What You Missed at Muse and the Marketplace: Amanda Palmer’s Keynote Speech
For writers who remained cooped up in their garrets this weekend, secluding themselves from the world for artistic creation, here’s what the resounding message was from Grub Street’s Muse and the Marketplace conference: open your doors and let the world in. At the annual event, Boston’s writers flocked to the Park Plaza to learn how to become a successful, published writer. Grappling with the future of authorship was the running concern of the conference.
Leaders from every niche in the publishing industry led 110 workshops, panel discussions, and lectures on the facets most important to excelling in the field. “With the landscape of publishing changing, a lot of writers get nervous,” said Eve Bridburg about the Publish It Forward series, a cornerstone of Muse and the Marketplace. Bridburg, the founder and executive director of Grub Street, said, “We want to show them these people who have done it, and are successful.” Funded by the National Endowment for the Arts, Publish It Forward is designed to bring the most “risk-taking, troublemaking” individuals in the industry, according to Bridburg, to speak about their strides within a drastically new marketplace.
“We’ve brought in two authors, a publisher, and an editor, but we’ve never before brought in a rock star,” said Bridburg of keynote speaker, musician, and social media maven Amanda Palmer.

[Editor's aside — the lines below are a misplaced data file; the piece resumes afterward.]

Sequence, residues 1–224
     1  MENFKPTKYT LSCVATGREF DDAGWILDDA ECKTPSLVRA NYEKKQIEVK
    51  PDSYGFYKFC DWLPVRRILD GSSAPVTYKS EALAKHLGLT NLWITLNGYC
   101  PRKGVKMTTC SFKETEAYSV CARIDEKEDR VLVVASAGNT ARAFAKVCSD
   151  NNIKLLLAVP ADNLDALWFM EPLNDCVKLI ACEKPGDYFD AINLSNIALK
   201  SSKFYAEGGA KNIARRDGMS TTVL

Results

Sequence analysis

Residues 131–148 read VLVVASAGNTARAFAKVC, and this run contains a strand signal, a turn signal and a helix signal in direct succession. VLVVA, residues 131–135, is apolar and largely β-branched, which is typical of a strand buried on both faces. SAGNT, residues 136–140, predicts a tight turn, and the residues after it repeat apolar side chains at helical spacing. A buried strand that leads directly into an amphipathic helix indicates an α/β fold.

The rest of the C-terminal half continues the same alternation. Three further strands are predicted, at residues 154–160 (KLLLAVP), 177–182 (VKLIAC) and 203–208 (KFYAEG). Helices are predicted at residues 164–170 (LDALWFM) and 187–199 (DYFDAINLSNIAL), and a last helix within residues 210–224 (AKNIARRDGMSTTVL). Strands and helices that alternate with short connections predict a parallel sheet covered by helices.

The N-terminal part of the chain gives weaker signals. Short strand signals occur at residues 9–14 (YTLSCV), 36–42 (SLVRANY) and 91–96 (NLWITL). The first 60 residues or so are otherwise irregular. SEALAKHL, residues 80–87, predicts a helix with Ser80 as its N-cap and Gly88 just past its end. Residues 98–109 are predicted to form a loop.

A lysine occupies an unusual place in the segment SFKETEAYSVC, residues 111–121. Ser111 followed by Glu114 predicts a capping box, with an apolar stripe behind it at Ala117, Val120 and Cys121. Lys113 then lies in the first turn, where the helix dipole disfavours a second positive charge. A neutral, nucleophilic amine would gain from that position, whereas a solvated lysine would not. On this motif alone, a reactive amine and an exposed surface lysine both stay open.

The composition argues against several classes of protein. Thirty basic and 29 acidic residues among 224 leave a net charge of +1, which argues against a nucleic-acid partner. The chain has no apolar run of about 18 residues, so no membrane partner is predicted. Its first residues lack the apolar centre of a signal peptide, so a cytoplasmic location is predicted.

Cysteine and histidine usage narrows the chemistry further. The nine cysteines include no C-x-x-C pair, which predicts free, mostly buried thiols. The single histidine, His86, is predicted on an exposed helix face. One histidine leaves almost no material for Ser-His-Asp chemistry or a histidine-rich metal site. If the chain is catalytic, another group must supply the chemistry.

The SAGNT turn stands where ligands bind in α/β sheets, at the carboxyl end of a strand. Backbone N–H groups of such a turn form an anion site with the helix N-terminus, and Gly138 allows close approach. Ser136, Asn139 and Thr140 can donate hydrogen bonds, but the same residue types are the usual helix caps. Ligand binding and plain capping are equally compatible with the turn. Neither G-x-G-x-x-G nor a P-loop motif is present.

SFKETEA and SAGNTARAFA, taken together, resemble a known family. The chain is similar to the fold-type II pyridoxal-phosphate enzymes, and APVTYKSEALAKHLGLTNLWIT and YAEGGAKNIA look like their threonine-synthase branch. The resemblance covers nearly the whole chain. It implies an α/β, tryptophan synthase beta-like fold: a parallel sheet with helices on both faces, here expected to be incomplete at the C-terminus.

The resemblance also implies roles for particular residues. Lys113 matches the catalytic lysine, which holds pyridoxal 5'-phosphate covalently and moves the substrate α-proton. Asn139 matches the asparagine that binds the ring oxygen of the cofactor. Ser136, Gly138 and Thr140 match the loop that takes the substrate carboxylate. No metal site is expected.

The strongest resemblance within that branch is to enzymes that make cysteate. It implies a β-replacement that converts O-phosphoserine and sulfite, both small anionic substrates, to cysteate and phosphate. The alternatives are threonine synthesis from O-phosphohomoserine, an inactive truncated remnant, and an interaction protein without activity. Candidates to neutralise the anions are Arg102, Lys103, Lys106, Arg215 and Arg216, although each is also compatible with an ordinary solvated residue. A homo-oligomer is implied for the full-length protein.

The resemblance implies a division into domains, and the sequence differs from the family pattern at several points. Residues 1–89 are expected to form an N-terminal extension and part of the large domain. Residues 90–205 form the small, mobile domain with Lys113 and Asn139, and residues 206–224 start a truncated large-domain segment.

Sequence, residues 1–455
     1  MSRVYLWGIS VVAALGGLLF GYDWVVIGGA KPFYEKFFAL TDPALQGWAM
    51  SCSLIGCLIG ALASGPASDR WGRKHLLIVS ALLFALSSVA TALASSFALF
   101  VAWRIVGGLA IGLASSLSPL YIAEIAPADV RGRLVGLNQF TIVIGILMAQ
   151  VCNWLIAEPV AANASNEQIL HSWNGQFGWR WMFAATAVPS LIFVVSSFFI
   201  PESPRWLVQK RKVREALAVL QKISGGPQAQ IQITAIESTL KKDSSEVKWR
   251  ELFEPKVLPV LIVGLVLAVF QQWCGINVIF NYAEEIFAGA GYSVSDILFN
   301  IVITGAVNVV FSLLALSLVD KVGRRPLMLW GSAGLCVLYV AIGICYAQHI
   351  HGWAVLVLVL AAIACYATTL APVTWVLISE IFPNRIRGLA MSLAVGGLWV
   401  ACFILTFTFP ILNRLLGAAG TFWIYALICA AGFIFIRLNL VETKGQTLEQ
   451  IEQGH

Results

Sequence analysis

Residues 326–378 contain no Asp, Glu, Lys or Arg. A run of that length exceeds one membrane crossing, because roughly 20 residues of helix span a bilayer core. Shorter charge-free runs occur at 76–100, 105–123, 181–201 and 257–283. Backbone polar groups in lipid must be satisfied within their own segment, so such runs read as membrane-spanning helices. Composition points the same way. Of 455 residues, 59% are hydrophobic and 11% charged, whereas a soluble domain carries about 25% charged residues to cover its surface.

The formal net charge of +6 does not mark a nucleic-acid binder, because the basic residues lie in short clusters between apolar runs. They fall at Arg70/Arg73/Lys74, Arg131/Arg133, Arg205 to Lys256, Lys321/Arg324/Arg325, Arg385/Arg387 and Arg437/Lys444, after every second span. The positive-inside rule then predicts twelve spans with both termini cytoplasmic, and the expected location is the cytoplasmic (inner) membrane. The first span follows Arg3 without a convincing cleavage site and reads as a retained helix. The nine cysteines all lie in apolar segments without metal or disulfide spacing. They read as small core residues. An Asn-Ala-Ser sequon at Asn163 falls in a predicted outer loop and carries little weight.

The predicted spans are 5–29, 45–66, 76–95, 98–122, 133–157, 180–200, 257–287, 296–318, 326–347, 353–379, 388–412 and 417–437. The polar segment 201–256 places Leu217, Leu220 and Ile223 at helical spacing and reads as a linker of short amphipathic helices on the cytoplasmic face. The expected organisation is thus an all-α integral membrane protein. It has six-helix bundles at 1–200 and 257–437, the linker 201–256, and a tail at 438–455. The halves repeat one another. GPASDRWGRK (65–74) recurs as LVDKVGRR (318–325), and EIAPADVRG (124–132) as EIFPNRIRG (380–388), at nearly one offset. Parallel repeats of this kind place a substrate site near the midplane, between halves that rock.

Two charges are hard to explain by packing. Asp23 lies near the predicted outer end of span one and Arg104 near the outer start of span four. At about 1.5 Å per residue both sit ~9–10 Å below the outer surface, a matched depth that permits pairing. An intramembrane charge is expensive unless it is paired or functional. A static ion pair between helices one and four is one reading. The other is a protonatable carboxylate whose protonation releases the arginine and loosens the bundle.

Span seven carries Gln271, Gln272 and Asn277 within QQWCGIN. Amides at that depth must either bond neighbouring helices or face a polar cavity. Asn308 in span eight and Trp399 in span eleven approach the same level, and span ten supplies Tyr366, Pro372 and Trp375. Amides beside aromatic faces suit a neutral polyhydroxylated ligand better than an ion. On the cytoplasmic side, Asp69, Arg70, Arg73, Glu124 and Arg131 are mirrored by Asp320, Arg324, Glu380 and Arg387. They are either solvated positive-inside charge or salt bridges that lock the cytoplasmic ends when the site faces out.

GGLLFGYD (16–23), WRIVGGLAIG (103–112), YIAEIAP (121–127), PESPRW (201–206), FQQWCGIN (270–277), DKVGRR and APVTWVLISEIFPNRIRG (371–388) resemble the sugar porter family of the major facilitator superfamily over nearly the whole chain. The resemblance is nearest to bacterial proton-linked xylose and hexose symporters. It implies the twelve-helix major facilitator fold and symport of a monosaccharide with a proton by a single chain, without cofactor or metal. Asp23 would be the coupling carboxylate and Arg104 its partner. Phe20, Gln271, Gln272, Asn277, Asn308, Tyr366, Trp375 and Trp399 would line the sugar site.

Steve Almond, an acclaimed author about all things music, who introduced Palmer, noted her ability to “bridge the worlds of words and music” through her highly visible presence on social media.
One topic she addressed was A Poem for Dzhokhar, a piece she wrote after the marathon bombing that received harsh criticisms and generated a lot of online discussion. Palmer explained that she was able to instantaneously publish an idea that hundreds of thousands of people ended up seeing. This could have been a poem, a song, or a book, but the format increasingly does not matter. “An idea that resonates, resonates, no matter the format,” in Palmer’s words, a factor that may intimidate some but opens pathways for others who embrace the change.
She took her planning for the talk to Twitter, asking followers what made them feel like an “actual writer,” to which she received hundreds of replies. The resounding response? The moment their art resonated with another human being. And the primary goal of Grub Street, to get writers in a community to support and learn from each other, supported this feeling. “In Boston, we support each other,” Bridburg explained. “And you can really see that in the writing community.”
With a speech surrounding the metaphor of the writer cooped up in his garret, Palmer introduced an idea fundamental to the conference itself: to be successful in an increasingly digital age, the writer must open the door to his attic, step beyond his muse, and enter the marketplace, where the people are. With critics who are just as likely to enter the market as supporters, Palmer encouraged, “People may enter without knocking. They may crash your party and drink your wine. Let them enter and let them drink.”